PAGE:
Do all men in the state of nature see life as a brutal and painful experience? Could his foundation stem from his own personal acquaintance with life’s hard spots? Hobbes wants to know what a person is like without any influence or markings from societal forces, he also wants to strip away what makes a human superior. Rousseau would argue that in order for a man to contend that life is brutal and short they must have markings from a society. Hobbes’s warlike man derives order from necessity; man joins with man to create order because our natural state propagates competition for resources while fomenting universal insecurity. His theory for a social contract prototype is that the best way to create collective strength is to give it power unrestrained. Hobbes says that there is no absolute equality by the coming together of men, only the power to participate or not. Locke would contend that we are all created equal but our ability to exploit our capabilities is not equal; that we have equality of nature but not equality of substantive skill.

Hobbes’s social contract design is influenced by the notion of man seeing that it is a necessity to create one society with his fellow man. Since men emanate from the same condition of brutality they are guided by the apparent dangers of distorted self-interest and pleasures of the moment. Hobbes’s contract is a singular binding force between the sovereign (man) and the law (the state). This means that the sovereign (man) is outside of the contract and confines the measure of authority a legislature or parliament has over his life.

What happens if the contract becomes corrupt? Hobbes says that if compliance goes bad the rebellion comes from the government and that it has overstepped its powers, for example, dictating what rights we may have instead of guaranteeing the exercise of those rights. We each have individual life that we put in the hands of higher law. Can we really corrupt our own lives and become an endangerment to the government? Hobbes wants us to know ‘we the people’ have the power to topple the government once it degrades our existence in the social contract. Once government starts to make laws that delegate unlimited scope to its power, it has transgressed and gone against its original contractual duty to safeguard its people against the restricting nature of political authority.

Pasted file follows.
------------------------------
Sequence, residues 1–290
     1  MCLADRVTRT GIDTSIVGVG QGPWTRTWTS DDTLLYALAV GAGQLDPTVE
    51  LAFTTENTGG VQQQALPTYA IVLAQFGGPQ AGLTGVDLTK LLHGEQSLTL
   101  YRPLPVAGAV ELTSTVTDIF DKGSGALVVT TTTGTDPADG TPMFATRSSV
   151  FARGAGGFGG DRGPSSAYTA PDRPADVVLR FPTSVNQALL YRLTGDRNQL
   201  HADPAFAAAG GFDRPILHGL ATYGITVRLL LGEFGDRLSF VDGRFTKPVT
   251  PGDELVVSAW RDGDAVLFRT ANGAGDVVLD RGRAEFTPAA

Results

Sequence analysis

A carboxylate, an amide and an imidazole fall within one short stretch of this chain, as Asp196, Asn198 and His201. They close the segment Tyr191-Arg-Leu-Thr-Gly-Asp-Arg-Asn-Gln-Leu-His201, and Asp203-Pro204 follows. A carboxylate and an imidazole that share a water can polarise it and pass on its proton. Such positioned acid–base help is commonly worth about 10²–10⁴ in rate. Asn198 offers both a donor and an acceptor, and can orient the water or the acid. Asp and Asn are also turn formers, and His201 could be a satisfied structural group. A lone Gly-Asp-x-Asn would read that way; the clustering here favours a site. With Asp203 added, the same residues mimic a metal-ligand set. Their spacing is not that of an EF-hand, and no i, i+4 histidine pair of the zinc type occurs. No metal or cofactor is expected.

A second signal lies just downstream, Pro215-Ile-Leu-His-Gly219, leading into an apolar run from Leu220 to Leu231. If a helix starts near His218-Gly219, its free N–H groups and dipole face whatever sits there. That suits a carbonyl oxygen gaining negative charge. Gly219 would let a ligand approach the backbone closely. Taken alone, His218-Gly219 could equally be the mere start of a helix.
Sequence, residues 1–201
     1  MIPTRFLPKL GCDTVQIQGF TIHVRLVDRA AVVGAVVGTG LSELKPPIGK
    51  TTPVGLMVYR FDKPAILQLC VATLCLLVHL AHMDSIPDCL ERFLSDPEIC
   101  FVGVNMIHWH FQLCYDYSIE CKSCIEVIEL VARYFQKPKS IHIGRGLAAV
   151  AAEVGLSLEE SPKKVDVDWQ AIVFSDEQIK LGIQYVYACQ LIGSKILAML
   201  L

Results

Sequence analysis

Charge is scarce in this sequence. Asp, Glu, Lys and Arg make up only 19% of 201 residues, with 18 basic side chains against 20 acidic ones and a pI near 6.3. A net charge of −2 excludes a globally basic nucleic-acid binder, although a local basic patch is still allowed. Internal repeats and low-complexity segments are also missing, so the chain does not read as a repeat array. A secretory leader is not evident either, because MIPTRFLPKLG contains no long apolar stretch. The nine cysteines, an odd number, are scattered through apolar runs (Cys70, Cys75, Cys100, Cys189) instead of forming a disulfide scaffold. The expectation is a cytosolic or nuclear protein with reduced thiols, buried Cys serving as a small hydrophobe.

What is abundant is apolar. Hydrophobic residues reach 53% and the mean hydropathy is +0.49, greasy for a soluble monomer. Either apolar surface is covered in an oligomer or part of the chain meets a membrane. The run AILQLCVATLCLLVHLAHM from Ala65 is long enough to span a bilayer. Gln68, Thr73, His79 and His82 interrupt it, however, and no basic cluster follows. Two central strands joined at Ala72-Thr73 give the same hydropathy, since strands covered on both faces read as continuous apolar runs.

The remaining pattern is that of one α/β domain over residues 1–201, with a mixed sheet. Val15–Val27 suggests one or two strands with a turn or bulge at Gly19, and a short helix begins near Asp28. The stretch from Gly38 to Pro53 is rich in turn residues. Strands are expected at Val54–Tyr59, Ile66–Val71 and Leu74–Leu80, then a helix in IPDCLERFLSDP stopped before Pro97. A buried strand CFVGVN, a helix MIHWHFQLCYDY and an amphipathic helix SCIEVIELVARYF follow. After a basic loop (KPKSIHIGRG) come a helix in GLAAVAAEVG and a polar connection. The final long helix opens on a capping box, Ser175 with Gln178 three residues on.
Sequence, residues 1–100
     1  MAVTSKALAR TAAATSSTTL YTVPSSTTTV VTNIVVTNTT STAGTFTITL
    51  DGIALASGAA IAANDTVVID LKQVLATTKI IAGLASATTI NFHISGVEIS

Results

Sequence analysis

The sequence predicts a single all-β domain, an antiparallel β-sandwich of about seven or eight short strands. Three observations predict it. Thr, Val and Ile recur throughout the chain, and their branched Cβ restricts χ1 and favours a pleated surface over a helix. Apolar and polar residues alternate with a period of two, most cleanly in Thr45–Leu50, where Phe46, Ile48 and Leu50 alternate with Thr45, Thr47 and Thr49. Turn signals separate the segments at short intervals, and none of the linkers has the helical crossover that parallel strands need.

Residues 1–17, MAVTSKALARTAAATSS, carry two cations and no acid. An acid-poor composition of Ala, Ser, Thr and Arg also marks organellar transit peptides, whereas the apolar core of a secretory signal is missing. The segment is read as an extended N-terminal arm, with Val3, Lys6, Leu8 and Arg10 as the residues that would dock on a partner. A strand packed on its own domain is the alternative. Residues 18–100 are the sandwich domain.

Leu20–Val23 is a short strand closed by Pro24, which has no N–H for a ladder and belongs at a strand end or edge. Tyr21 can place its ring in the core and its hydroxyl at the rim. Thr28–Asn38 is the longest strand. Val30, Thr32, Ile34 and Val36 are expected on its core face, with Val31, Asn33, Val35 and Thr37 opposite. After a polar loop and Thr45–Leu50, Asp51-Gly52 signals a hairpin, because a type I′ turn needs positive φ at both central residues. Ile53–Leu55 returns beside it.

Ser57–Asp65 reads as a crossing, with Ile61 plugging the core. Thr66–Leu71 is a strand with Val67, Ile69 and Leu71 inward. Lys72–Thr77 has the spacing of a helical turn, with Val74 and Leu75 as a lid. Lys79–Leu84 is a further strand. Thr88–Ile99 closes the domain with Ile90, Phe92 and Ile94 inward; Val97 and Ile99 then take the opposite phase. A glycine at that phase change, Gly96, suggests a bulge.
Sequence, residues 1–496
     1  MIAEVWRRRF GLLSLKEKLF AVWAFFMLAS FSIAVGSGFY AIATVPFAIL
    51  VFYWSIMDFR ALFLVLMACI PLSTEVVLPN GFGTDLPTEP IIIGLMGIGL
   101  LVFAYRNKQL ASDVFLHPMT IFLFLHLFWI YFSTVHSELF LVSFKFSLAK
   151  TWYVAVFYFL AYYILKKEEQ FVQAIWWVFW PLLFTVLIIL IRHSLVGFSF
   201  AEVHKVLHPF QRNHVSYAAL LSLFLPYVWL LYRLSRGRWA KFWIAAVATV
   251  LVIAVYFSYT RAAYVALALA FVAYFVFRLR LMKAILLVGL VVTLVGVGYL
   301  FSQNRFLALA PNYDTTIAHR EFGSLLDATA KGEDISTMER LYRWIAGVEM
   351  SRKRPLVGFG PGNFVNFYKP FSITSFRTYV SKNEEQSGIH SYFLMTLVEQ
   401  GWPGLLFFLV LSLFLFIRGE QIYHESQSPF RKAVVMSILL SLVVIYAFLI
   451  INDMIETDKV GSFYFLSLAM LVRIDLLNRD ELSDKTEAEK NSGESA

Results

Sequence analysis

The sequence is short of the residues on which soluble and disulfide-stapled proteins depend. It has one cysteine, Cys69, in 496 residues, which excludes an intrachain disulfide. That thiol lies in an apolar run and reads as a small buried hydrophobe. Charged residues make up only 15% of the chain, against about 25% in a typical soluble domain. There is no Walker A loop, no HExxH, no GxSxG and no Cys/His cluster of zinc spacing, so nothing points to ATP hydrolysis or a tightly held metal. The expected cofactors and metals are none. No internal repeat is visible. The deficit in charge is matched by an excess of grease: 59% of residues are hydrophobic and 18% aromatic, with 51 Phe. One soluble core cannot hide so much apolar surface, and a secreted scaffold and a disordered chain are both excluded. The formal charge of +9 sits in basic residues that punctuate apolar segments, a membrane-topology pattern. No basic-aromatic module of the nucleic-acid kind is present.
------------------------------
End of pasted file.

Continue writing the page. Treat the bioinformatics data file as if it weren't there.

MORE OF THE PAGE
The element that is most intriguing in Hobbes’s design is the fact that man starts off as a warlike creature and that he has the innate quality of a defensive nature. Something from outside of man himself must teach him that his life must be preserved. If man did not know his life needs to be protected would he still have this warlike attitude? Man’s desire to enter the social contract stems from the idea of safety in numbers and compliance to be in a community. But can man in a warlike state trust his fellow man since they are both violent creatures? This assumption is important to contend with, as man’s understanding of his own nature in relation to his fellow man will underpin the utility of his social community and the equality of economic rights that the government of his peers must protect. Hobbes does not explain to us the compelling reasons why man is the way he is. He only pushes us forward to see that man is designed with the intelligence to know that his sole existence must be protected.

The era that we live in presents challenges to the obligation of the state to protect man’s natural rights. Democracy, as man’s most mobilizing function in representing the ethos of the many, is in danger of becoming a tool to represent the power of the state and not that of protecting the people. The liberal international order will continue to stand; seeking to promote globalized norms, such as democracy, in order to help mobilize humanity toward an order that promotes the common good. But in our hasty attempt to democratize the global commons, it seems as though we have forgotten the original plight of the individual man.